Wednesday, June 23, 2010

How the Fed and the Feds Are Becoming Irrelevant

Today's announcement by the Federal Reserve that it wasn't changing its zero to 0.25% target for the fed funds rate exemplifies the Fed's increasing irrelevance. It had no other choice. And, by all indications, it won't have any other choice for many months and maybe more than a year.

The Fed couldn't have raised rates. Even though doing so would have signaled growing confidence in the economic recovery and a revival of vigilance against inflation, a rate increase might well have dampened already modest economic growth.

But the Fed also can't lower rates. Although negative interest rates aren't literally impossible (a bank that charges fees on a checking account in excess of any interest it pays is imposing a negative interest rate), negative interest rates on a systemic level would erode the banking system as beleaguered savers horde pieces of green (and now sometimes brown) paper. In theory, the Fed could renew some of the asset buying programs it deployed at the height of the 2008 credit crisis (like buying mortgage-backed securities and even U.S. Treasury debt). But doing so would be tantamount to admitting that the sky is indeed falling. Programs meant to relieve a credit crunch might produce one.

Thus, the Fed is backed into a corner with very little room to move. It won't own up to its dilemma, since confidence in the central bank is the principal component of confidence in the banking system. It can only hope to use talk therapy to keep investors, depositors, and consumers from heading for the hills with water purifiers and freeze dried food.

The federal government can't be of much help. While there remains some stimulus money to be spent this and later years, the pipeline is shutting down. Populist politics is forestalling further stimulus legislation, even bills to extend unemployment compensation and federal assistance to the laid off to maintain health insurance under COBRA. These latter measures help America's working population--folks who in most cases will return to the work force sooner or later and whose productivity is essential to the future. Whatever the relative merits of compassion for wealthy bankers versus a helping hand for the middle class, it makes economic sense to prevent the worst consequences of unemployment from befalling those whose productivity is important for the future. Nevertheless, the politics of the hour may preclude even these modest measures. The populist backlash is making the federal government largely irrelevant to combating a likely economic slowdown.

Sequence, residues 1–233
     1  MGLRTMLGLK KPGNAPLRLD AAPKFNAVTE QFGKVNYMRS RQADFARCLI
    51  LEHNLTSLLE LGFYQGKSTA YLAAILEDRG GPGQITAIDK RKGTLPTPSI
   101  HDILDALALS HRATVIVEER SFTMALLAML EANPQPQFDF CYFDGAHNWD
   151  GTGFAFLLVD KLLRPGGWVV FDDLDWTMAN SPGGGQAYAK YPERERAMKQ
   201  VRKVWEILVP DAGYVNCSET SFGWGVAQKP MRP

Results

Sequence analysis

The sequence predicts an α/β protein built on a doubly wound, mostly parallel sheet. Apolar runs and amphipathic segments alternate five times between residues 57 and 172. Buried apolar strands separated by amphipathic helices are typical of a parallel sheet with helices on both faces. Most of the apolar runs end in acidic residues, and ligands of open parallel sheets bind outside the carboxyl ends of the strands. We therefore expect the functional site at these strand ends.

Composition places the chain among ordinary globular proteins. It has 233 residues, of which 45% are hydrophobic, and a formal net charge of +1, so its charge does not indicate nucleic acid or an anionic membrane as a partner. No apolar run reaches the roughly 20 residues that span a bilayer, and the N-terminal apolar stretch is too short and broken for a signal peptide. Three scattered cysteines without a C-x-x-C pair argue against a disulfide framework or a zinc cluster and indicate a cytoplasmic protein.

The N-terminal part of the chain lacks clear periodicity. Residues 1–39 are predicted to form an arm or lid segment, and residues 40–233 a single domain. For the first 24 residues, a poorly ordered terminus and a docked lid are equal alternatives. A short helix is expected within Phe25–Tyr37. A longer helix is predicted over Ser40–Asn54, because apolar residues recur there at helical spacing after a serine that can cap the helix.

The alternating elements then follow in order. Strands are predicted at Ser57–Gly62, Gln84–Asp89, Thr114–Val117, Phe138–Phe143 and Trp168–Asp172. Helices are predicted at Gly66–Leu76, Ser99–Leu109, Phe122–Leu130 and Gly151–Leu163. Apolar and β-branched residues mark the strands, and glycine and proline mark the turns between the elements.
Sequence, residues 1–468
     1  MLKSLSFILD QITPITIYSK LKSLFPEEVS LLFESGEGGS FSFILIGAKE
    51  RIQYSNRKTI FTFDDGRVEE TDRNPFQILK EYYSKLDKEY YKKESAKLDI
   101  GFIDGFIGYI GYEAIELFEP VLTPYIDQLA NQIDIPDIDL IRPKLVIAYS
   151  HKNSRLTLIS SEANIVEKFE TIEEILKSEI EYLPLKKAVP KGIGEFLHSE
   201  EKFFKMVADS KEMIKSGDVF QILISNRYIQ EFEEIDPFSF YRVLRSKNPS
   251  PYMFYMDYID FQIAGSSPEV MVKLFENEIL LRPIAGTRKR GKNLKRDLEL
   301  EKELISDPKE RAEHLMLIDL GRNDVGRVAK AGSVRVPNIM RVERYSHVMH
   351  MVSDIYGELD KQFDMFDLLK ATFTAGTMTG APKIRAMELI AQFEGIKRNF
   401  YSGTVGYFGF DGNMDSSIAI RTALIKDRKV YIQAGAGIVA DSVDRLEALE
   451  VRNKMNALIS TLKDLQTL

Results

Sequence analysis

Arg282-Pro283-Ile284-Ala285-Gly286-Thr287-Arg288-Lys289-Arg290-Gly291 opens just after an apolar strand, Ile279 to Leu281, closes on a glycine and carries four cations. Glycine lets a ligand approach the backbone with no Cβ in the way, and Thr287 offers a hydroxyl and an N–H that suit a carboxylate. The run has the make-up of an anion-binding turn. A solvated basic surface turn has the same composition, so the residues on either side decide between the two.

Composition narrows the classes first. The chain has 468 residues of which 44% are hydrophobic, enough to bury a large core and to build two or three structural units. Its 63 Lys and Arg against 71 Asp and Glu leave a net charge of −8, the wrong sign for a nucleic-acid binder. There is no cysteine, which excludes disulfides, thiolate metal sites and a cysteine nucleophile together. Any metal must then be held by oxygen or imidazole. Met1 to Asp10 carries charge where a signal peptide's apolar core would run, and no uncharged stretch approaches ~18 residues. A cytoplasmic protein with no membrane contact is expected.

The government's policy choices contributed greatly to the quagmire. The banking system's hundreds of billions of dollars of hinky assets weren't fully excised one way or another but instead were to a large degree papered over when Congress forced an easing of accounting standards. Tumors don't go away by themselves, and banks now horde cash instead of lending it, to protect themselves against losses from their continued large holdings of doggy assets. The financial system was saved from collapse, but it is now doing precious little to help the real economy recover.

European government spending is slowing down, and China will take its sweet time re-valuing the yuan. When you look around, there isn't any obvious impetus for a strong recovery. While you shouldn't panic yet, it might not be a bad idea to quietly look into water purifiers and freeze dried food.

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